Awareness of those dangers undoubtedly helps explain why some Democratic candidates, including Sens. Kamala Harris of California and Elizabeth Warren of Massachusetts, have made it clear they would support incremental steps toward Medicare for All ― while others, including former Congressman Beto O’Rourke of Texas and Mayor Pete Buttigieg of South Bend, Indiana, have said they prefer starting with an alternative to Medicare for All that would preserve a role for employer coverage.
Other Democrats have declined to endorse Medicare for All, even in principle. That group includes Joe Biden, the former vice president. He has said he supports the creation of a government-run insurance program open to all, but he would stop short of getting rid of existing arrangements.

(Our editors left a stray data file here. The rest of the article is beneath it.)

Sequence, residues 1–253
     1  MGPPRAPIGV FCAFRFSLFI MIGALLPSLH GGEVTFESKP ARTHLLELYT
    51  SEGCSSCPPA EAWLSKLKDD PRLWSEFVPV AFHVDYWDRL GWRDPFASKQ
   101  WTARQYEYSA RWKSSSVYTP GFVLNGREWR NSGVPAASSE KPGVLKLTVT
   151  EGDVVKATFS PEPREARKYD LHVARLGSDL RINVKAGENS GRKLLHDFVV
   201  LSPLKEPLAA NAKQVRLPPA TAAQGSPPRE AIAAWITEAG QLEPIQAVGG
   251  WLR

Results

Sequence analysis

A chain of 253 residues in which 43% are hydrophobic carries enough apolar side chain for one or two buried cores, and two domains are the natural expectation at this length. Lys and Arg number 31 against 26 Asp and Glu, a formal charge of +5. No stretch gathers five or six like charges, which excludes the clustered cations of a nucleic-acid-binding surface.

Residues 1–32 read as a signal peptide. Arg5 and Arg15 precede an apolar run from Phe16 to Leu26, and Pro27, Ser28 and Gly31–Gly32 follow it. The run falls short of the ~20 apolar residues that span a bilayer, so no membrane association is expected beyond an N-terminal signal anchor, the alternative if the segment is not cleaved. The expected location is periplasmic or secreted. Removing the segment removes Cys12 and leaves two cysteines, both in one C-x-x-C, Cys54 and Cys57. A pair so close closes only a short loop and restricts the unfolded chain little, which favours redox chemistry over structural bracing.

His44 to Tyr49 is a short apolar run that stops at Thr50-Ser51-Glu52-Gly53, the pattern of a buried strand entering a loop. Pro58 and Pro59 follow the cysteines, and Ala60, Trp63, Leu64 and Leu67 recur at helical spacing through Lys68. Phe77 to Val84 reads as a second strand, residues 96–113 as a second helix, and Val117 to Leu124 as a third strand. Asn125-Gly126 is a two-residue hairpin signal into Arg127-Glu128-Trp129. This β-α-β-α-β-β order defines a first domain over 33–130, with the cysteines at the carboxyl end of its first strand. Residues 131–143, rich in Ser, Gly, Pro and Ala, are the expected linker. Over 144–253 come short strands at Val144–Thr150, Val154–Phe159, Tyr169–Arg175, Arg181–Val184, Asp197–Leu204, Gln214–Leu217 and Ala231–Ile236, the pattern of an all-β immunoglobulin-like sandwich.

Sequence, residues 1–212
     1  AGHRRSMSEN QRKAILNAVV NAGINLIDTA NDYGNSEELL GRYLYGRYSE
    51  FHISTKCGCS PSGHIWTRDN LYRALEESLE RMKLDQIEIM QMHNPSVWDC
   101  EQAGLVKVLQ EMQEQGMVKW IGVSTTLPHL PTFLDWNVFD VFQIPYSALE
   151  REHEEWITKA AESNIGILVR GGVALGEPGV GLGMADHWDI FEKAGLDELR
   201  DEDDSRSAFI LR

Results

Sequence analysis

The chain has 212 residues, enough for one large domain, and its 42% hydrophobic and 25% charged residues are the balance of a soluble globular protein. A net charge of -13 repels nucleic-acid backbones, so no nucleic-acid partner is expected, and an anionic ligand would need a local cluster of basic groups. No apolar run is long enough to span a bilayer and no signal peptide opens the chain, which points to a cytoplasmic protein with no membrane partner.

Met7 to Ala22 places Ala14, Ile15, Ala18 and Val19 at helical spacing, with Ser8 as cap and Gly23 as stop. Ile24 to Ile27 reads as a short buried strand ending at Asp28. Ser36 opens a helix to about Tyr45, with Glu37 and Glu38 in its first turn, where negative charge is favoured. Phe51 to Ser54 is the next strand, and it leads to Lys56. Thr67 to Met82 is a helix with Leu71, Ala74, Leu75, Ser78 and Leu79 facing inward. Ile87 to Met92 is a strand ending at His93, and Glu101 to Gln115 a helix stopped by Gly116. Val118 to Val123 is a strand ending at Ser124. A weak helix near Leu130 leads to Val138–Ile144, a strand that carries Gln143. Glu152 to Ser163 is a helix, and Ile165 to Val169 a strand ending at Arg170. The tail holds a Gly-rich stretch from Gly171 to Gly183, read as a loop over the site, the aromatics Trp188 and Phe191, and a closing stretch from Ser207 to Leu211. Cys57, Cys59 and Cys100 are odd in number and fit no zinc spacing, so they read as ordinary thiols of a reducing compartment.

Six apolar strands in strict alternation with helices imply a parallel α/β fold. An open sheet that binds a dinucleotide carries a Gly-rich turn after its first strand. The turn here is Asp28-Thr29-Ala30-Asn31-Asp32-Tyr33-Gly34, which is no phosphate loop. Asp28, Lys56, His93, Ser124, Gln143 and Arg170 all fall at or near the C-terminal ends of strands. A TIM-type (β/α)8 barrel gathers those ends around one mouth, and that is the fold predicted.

But the voters’ lack of awareness about Medicare for All extends to some of its benefits.
A key selling point of the Sanders and Jayapal proposals is that they would eliminate out-of-pocket expenses. Copayments, coinsurance, deductibles ― they’d all go away, so health care would be literally free at the point of service.
That could make Medicare for All a lot more appealing to the growing number of people with “good” insurance who struggle with out-of-pocket costs. In some extreme cases, people are literally begging for help on GoFundMe pages in order to pay their bills and get medical care they or their loved ones need.
The ability to wipe out out-of-pocket costs is an advantage of Medicare for All that rival plans, as written, would not have. In all of them, some people would still have out-of-pocket costs, sometimes significant ones, although the most ambitious among them, a proposal called “Medicare for America,” would at least prohibit deductibles and have exemptions for people at lower incomes.